Vintage Skis make List of Most Influential Gear of all Time

May 23, 2012 2 min read

We're always keeping our eyes peeled for the Vintage Skis and things related to what we like - and do here at Vintage Winter.  Recently, we reviewed "the newest list" - entitled The Most influential Gear of All Time (860 B.C. to Today).  Selected twice are our beloved Vintage Wooden Skis for various Technology improvements. Below are some excerpts from Outside magazine and a few links to get you to the pictures.  

See Outside Magazines highlight of Vintage Downhill Slalom Skis 

Sondre Nordheim is considered the father of modern skiing. Born in the small village of Morgedal in Telemark, Norway, Norheim displayed an early talent for the one-day sport—at that time it was mostly used for transportation—and craftsmanship. As a young boy, Norheim made what may well have been one of the world’s first ski jumps, launching off the roof of his parents’ cottage on two straight pine skis made by his father. But he soon found that he needed better equipment to tackle steeper hills and to make tighter turns, so he experimented with a tight fitting birch binding and ended up shaping a short, curved, flexible ski for easy turning in soft snow. In 1868, when he was 43, Norheim won the first Norwegian national skiing competition in Christiania (now Oslo) on skis he built himself. It took almost 40 years for Norway’s neighbors to adopt skiing as recreation, but by 1924, the ski jumping and the Nordic combined events were a part of the inaugural Olympic Games in Chamonix.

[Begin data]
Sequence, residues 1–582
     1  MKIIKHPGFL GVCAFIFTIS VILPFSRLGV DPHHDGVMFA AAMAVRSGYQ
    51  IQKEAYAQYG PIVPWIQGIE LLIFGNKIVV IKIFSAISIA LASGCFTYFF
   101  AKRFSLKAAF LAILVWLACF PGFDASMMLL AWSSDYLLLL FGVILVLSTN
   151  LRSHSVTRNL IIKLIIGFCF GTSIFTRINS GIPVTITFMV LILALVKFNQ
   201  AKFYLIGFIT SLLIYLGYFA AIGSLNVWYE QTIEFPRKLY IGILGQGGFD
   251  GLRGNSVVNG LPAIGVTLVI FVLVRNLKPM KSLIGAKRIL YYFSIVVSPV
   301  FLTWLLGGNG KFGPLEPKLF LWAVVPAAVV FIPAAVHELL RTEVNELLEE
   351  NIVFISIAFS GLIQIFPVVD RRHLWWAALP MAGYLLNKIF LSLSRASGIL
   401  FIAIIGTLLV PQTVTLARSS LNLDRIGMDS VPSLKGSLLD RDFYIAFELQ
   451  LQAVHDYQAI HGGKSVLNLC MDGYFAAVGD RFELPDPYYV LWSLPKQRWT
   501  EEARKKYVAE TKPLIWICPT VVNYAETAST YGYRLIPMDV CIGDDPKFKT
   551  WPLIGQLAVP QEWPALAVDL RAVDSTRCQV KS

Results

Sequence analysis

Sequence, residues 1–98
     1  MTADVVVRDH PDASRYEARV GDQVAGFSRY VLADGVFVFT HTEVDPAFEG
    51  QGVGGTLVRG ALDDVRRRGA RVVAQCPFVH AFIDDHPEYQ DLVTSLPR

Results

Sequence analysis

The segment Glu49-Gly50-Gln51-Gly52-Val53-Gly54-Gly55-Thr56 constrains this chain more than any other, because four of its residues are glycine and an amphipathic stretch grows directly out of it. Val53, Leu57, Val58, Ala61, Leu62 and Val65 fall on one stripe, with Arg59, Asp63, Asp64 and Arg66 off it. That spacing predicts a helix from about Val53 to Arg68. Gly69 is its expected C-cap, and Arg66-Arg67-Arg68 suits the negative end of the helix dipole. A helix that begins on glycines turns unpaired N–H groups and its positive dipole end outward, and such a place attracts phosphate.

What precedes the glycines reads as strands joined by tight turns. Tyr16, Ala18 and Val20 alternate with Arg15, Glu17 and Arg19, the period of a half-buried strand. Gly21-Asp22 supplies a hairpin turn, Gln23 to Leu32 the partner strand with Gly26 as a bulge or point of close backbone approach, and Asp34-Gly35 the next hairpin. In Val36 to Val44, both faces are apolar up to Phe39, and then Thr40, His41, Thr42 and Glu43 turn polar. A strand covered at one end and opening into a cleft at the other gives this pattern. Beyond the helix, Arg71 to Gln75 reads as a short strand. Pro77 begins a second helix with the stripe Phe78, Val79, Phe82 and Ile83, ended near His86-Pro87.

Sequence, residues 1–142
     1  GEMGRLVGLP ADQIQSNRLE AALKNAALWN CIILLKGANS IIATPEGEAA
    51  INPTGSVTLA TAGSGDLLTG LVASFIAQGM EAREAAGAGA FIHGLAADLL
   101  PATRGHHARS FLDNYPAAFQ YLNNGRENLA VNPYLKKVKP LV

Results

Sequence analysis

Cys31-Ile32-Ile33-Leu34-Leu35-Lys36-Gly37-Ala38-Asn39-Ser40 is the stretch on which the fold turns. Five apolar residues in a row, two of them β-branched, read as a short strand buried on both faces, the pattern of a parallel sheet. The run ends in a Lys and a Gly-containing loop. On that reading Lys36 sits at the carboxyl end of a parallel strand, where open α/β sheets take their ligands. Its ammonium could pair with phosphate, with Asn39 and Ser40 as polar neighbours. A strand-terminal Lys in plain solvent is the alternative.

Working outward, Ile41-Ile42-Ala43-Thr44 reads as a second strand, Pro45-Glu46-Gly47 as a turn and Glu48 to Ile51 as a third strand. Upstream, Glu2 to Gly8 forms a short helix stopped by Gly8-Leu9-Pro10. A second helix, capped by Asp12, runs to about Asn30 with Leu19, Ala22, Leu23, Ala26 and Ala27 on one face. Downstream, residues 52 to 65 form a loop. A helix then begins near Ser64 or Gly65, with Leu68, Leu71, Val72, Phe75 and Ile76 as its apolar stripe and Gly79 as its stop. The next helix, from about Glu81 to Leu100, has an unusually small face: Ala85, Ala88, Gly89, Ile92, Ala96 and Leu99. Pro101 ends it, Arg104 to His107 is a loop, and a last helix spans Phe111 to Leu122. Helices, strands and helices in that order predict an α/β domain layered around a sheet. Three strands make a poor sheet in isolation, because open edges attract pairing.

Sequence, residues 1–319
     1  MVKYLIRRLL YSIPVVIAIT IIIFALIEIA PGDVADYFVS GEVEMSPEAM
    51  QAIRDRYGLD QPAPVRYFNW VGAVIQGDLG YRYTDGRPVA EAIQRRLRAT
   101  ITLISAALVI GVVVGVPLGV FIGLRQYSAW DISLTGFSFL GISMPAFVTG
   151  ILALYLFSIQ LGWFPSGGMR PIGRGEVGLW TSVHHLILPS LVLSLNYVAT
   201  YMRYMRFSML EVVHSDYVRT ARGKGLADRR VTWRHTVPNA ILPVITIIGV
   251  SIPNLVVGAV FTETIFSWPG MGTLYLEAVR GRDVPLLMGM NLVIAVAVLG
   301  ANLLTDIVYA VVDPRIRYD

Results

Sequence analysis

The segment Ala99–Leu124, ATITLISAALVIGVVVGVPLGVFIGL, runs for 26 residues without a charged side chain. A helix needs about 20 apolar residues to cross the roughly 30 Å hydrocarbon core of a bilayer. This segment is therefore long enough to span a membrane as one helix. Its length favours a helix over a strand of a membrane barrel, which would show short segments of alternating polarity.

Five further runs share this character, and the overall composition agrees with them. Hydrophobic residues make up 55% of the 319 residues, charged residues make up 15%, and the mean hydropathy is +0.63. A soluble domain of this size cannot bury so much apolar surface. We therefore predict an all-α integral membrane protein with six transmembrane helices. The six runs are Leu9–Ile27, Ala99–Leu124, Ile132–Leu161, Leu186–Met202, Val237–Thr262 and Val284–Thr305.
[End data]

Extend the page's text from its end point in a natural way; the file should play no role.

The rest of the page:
See Outside Magazines highlight of Metal Edge Skis 

One day in 1917 Rudolph Lettner was preparing for a steep, icy run just south of Salzburg, Austria. To his dismay, the worn-down edges of his hickory skis wouldn’t hold an edge. He elected to slide down, and found that he could only control his momentum by digging in the metal tip of his ski pole. That experience hatched the idea for a metal-edged ski. After nearly a decade of tinkering, Lettner found that he could preserve a ski’s flex by screwing small steel edge segments to the wood. He built a ski that could cut through snow for tighter, faster turns. Though he patented his design in 1926, the market was soon flush with similar models, and by the early 1930s, metal-edged skis were ubiquitous.

Well, there you have it.  Another reputable source singing the fine praises of wooden skis.  If you'd like to see our current collection of Vintage Downhill, Jumping and Primitive wooden skis, click here.  

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